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I will begin to speak, when I have that to say which had not better be unsaid.

Cato the Younger (95-46 BC) Roman politician, statesman, orator [Marcus Porcius Cato Uticensis, Cato Minor]
In Plutarch, “Cato the Younger,” Parallel Lives [tr. Dryden (1693)]
 
Added on 11-Sep-14 | Last updated 11-Sep-14
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Be a listener only, keep within yourself, and endeavor to establish with yourself the habit of silence especially in politics. In the fevered state of our country, no good can ever result from any attempt to set one of these fiery zealots to rights either in fact or principle. They are determined as to the facts they will believe and the opinions on which they will act. Get by them therefore as you would by an angry bull: it is not for a man of sense to dispute the road with such an animal.

Thomas Jefferson (1743-1826) American political philosopher, polymath, statesman, US President (1801-09)
Letter to Thomas Jefferson Randolph (24 Nov 1808)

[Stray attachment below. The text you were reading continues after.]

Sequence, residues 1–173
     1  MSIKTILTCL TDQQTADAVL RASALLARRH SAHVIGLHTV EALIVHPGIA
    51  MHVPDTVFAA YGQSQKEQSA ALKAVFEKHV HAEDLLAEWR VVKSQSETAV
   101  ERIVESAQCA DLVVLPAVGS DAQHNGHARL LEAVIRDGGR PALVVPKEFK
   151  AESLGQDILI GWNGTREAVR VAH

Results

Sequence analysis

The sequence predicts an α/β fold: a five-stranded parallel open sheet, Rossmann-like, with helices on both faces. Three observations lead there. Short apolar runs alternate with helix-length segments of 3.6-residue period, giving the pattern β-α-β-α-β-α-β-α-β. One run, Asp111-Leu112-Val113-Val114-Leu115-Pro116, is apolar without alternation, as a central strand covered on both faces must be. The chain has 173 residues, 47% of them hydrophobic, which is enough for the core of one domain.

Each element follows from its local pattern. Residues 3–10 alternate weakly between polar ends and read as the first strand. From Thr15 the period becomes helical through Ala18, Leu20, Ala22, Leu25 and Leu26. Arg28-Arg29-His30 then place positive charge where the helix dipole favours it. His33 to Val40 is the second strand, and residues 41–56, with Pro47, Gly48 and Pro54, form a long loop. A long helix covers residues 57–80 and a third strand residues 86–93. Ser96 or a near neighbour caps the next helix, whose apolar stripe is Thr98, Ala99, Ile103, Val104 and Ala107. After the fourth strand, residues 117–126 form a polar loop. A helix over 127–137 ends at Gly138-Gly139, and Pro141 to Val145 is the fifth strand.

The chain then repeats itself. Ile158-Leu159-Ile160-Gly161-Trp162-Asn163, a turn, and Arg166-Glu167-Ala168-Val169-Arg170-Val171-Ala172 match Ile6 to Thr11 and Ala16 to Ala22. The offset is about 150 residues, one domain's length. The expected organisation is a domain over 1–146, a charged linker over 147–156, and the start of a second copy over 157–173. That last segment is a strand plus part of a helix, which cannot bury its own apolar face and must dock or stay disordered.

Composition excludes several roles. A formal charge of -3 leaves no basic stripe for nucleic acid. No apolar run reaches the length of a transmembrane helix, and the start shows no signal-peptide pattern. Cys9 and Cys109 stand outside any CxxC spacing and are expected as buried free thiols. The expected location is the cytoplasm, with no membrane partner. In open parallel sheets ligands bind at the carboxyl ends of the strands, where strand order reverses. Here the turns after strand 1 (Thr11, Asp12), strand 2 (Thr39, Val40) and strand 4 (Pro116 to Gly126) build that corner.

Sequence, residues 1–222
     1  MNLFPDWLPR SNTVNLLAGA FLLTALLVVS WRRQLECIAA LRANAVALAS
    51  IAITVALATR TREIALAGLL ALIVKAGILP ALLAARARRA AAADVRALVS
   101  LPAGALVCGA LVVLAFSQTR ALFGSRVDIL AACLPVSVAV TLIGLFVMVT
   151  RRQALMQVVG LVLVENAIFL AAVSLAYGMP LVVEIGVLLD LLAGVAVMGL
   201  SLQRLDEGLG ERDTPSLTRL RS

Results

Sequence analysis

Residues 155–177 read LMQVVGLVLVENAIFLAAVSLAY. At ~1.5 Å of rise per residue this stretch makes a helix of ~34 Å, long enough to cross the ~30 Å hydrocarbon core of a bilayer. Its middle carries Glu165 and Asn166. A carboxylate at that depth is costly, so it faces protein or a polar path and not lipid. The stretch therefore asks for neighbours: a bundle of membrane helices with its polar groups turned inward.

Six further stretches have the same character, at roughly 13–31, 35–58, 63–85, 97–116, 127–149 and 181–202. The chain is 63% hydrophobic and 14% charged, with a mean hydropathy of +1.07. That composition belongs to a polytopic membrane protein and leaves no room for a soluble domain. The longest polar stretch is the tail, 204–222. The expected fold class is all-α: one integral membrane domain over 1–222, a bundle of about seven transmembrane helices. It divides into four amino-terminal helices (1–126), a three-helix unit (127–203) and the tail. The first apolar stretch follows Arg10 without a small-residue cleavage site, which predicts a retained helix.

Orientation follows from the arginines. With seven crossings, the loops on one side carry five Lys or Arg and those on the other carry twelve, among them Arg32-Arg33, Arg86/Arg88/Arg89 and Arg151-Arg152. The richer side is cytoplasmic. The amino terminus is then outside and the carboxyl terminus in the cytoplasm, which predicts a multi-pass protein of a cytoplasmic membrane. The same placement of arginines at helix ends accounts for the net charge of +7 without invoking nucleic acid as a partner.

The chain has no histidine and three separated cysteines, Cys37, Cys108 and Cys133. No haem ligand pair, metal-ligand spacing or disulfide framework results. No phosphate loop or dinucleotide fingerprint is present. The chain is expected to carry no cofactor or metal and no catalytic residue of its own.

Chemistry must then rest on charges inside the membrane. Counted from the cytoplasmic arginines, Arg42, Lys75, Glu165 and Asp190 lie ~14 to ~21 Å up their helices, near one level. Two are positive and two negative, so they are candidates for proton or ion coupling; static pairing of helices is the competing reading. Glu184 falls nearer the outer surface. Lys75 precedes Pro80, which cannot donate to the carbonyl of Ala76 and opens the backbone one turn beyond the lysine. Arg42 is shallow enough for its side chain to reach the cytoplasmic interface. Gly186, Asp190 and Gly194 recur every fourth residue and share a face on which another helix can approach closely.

(Source)
 
Added on 24-Jan-13 | Last updated 3-Aug-22
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Respectfulness, without the rules of propriety, becomes laborious bustle; carefulness, without the rules of propriety, becomes timidity; boldness, without the rules of propriety, becomes insubordination; straightforwardness, without the rules of propriety, becomes rudeness.

[恭而無禮則勞、愼而無禮則葸、勇而無禮則亂、直而無禮則絞。]

Confucius (c. 551- c. 479 BC) Chinese philosopher, sage, politician [孔夫子 (Kǒng Fūzǐ, K'ung Fu-tzu, K'ung Fu Tse), 孔子 (Kǒngzǐ, Chungni), 孔丘 (Kǒng Qiū, K'ung Ch'iu)]
The Analects [論語, 论语, Lúnyǔ], Book 8, verse 2 (8.2.1) (6th C. BC – AD 3rd C.) [tr. Legge (1861)]
    (Source)

(Source (Chinese)). Brooks (below) believes this text was interpolated into Book 8 at the time that Book 14 was collected. Alternate translations:

Without the Proprieties, we have these results: for deferential demeanour, a worried one; for calm attentiveness, awkward bashfulness; for manly conduct, disorderliness; for straightforwardness, perversity.
[tr. Jennings (1895)]

Earnestness without judgment becomes pedantry; caution without judgment becomes timidity; courage without judgment leads to crime; uprightness without judgment makes men tyrannical.
[tr. Ku Hung-Ming (1898)]